Summer Safety

The Orthopedics and Sports Medicine Program at Texas Children’s Hospital West Campus offers specialized care and treatment for young athletes.

During the summer, children have the opportunity to participate in a variety of activities that they normally don’t have the time for during the school year. More time is spent outdoors and fun holidays like Memorial Day, the Fourth of July and Labor Day mean outdoor grilling and spending time at the pool. It’s important that families be prepared to participate and understand the potential risks involved.

Q: What do I do if my child is burned?

Depending on how badly the skin is damaged, there are a variety of categories of burns including first-, second- and third-degree. It’s important to treat every burn quickly to try and reduce the temperature of the burned area and prevent further damage to the surrounding skin and tissue. Never use ice, butter or powder on the burned area and be sure to give your child medication, like Motrin or Advil, to help relieve some of the pain.

Assess how badly the skin is burned and take the appropriate steps to help treat it.

• First-Degree Burns: The skin will be red but with no blistering. Most sunburns fall into this category, and a trip to the emergency room isn’t necessary. However, you can always call your pediatrician’s office and ask to speak with a nurse about next steps. We suggest administering cold water on the area to quickly reduce the skin’s temperature.

• Second-Degree Burns: There will be redness with blistering as well. It’s important not to pop the blisters and take your child to the closest pediatric emergency room for evaluation.

• Third-Degree Burns: This happens when multiple layers of skin are burned away. Usually blisters are not seen because the top layers of skin are gone. Take your child to the emergency room immediately for medical treatment.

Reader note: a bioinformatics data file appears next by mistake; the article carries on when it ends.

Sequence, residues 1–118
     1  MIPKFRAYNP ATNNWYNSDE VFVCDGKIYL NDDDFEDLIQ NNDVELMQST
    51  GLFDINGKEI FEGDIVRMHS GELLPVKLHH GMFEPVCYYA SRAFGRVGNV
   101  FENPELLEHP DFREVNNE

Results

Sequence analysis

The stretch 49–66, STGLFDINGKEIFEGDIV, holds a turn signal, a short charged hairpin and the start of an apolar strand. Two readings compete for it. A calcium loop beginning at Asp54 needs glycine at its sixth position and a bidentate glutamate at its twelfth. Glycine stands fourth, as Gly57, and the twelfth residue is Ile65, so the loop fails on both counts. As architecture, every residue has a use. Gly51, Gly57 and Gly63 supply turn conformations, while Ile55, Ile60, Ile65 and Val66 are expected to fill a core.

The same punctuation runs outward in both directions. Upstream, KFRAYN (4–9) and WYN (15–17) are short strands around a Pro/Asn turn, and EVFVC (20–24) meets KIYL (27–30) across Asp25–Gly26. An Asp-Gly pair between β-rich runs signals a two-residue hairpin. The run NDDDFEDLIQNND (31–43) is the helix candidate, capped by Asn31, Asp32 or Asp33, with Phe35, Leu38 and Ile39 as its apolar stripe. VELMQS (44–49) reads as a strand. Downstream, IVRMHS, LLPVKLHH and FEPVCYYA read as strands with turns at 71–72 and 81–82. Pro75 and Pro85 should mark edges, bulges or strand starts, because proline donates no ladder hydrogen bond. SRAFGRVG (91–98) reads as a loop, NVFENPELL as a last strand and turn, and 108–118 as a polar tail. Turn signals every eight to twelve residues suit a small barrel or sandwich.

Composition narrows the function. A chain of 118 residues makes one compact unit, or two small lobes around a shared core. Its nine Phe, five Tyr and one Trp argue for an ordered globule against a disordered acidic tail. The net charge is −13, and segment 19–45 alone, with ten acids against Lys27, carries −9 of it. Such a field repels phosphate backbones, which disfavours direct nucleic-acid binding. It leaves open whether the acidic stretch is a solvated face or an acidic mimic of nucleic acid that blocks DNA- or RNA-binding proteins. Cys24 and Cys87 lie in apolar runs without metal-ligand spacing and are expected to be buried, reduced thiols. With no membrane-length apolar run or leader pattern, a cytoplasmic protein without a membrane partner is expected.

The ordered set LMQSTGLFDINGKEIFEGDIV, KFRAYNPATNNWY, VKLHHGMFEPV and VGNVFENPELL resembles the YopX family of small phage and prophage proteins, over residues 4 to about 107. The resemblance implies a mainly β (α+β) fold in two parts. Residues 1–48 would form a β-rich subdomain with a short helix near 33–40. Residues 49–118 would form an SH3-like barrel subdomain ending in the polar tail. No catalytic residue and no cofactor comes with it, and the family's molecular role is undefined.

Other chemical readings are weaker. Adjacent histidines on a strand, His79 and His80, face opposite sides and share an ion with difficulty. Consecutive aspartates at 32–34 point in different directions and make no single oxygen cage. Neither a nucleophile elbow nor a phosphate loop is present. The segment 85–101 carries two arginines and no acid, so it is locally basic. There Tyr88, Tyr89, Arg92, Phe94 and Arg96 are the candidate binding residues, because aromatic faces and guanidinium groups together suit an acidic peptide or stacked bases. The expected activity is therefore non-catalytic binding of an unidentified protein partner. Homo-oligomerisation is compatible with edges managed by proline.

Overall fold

In addition to seeking medical attention for second- and third-degree burns, you should also take your child to a pediatric emergency center if they have large burns – for instance covering their entire back or chest – or if they have facial burns.

If your child plans to be outside, be sure they are wearing sun screen with a minimum of 30 SPF, and this should be reapplied every two hours.

Q: How can I ensure my child is safe when swimming this summer?

Pools offer an escape from the heat, but a day of fun can quickly turn into an emergency situation. Home swimming pools are the most common site for drowning to occur for children between the ages of one and four years.

All children and young adults should be supervised near pools by someone in addition to a life guard. If you have your own pool at home, be sure the sensor is at least four feet high on all sides and that there are no holes in the fences. Additionally, most children would benefit from some type of swim class,  but they will still need to be supervised when around pools to reduce the risk of water-related injuries and accidents. It’s also important that all adults learn CPR.

If a tragic accident does occur, immediately call 9-1-1 and begin administering CPR.

Q: What products are best to protect and treat bug bites?

Be sure to buy a product with DEET or picaridin as the active ingredient. This is in preference to products that contain citronella, which are marketed as “safe,” but not as effective. However, be sure to get the lowest strength DEET possible. Avoid repellents that are marketed for “deep woods” use and go for something that is kid or family friendly. When children get bug bites, an anesthetic can help with the itching. Look for products with pramoxine as this is considered the gold standard in terms of providing relief from itching. If your child has a number of bites, use some type of oral antihistamine like Benadryl.

For more information about Texas Children’s Hospital West Campus, visit or call 832-227-1000.